founded by Sy Sperling in 1976, is a U.S.-wide network of clinics offering comprehensive
   hair replacement solutions, including hair transplantation. Regis Corp. is the world’s
   largest operator of beauty salons, hair loss centres and beauty schools.

   In August 2004, Blakes represented Borderware Technology Inc. in connection with a
   $17 million venture capital financing led by Jefferson Partners, Woodside Fund, and e-
   Scotia Acquisition.

   In May, 2004, Blakes acted on behalf of The Gates Group, LLC, a Cleveland-based
   private equity firm, in connection with its acquisition of Imperial Parking Corporation.

   Blakes acted for The Business, Engineering, Science & Technology Discoveries Fund
   Inc. ("BEST") on its investment in Canadian Trading and Quotation System Inc. ("CNQ")
   through the purchase of a subordinated convertible debenture and certain other
   securities. The investment by BEST in CNQ was a critical step in CNQ obtaining
   recognition from the Ontario Securities Commission to operate a quotation and trade
   reporting system. The OSC order permits CNQ to operate a marketplace for the shares
   of emerging companies and is the first order of its kind to be granted in Canada.

   Blakes acted on behalf of Coril Holdings Ltd., a private holding and investment
   corporation, in connection with a $15,000,000 venture capital financing of Richardson
   Technologies Inc.

   Blakes acts for Chrysalix Energy Limited Partnership, a venture capital fund focussed on
   the Fuel Cell and Alternative Energy Sector. It is a limited partnership consisting of Shell
   Hydrogen, Duke Energy, Ballard Power Systems, BASF, BOC Group plc, Mitsubishi, and
   Boeing. Chrysalix is in the process of raising their second fund.

   Blakes acted for Draper Fisher Jurvetson in connection with their investment in D-Wave
   Systems Inc., a major California private equity fund.

   Blakes acted on behalf of Kae-Tech Inc. in negotiating the disposition of a majority share
   position in Hair Club For Men to a group of existing shareholders consisting primarily of
   Edgestone Capital Partners and another entity for approximately $25 million in cash and
       Blakes advised MWI & Partners in their two portfolio investments in late 2003 and early

       Blakes has acted for numerous issuer clients in connection with investments by private
       equity funds. Quadrus Financial Technologies received financing from Ventures West in
       July 2003, just one example of nearly 40 different transactions. We have similarly acted
       for Ventures West on a number of issues.

       Blakes acted for RoyNat and in arranging financing and launching take-over bid for Arcis,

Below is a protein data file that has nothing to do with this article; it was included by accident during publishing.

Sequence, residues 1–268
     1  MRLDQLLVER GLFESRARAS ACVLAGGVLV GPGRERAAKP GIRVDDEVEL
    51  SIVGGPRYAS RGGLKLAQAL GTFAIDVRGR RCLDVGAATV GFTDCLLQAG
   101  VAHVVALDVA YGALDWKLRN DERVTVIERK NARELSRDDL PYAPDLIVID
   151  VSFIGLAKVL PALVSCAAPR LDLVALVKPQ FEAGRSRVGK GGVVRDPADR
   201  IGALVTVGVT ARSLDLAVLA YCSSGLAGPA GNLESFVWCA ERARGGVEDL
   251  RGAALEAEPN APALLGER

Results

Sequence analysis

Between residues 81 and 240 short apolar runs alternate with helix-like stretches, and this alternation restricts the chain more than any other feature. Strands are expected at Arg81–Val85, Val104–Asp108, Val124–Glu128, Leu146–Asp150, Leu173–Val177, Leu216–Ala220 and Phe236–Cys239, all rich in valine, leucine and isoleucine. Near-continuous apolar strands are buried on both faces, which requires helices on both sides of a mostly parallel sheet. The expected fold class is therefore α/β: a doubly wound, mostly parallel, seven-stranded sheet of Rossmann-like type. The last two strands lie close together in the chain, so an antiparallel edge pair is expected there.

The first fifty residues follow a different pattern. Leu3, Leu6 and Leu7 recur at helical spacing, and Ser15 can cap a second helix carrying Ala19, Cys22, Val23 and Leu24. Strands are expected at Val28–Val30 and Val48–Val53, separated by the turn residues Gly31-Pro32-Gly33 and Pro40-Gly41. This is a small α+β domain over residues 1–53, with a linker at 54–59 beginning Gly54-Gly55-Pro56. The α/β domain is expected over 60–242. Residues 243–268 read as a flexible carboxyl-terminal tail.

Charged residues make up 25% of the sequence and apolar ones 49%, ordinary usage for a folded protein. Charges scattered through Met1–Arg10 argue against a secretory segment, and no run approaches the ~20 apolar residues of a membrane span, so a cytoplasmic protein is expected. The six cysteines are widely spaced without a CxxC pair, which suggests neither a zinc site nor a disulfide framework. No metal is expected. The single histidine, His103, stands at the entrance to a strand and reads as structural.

a public company engaged in seismic data service provider business supplying the oil
       and gas industry.

       Blakes has assisted Torstar in making numerous private equity investments including
       Borderfree Inc., Sing Tao, ITI Education, Citisearch and Workopolis.

       Blakes helped complete the purchase by Trivest Capital Partners of the Herbal Magic
       franchise network across Canada and the United States. The transaction was structured
       as an asset acquisition and the purchase price was approximately $40 million.

       Blakes acted on the formation of Venturion VGI Limited Partnership in July 2002 and and
       since that time has advised the general partner, Venturion Partners Inc., and the
       manager, Venturion Group Inc., on various investments.

       Blakes regularly advises some of the largest and most active Canadian pension plans in
       their private equity investments, including direct and fund investments.

Breadth of industry coverage, depth of talent
Blakes has experience advising on deals across a range of industry sectors. This is the hallmark
of a strong national practice with experienced lawyers who can manage transactions properly
and efficiently. And through related practice groups, Blakes can offer expert knowledge of
particular legal issues affecting different sectors, from heavy industry and manufacturing, to
financial services, to IP, hi-tech and bioscience.
Blakes Pension & Employee Benefits Group provides unsurpassed depth and breadth in this
highly specialized area of law. Our Group consists of 22 lawyers in Toronto, Vancouver, Calgary
and Montreal whose practices are devoted to pensions, benefits and compensation law. We are
supported by lawyers in litigation, tax, human rights, insurance, labour and employment,
securities, privacy, intellectual property and other areas who have developed sub-specialities in
employee benefits matters relating to their respective areas of expertise.

New and proposed tax and minimum standards legislation as well as regulatory guidelines have
increased the demand for our advice on compliance and regulatory issues. We are frequently
retained to review, draft or negotiate language for pension plans, executive compensation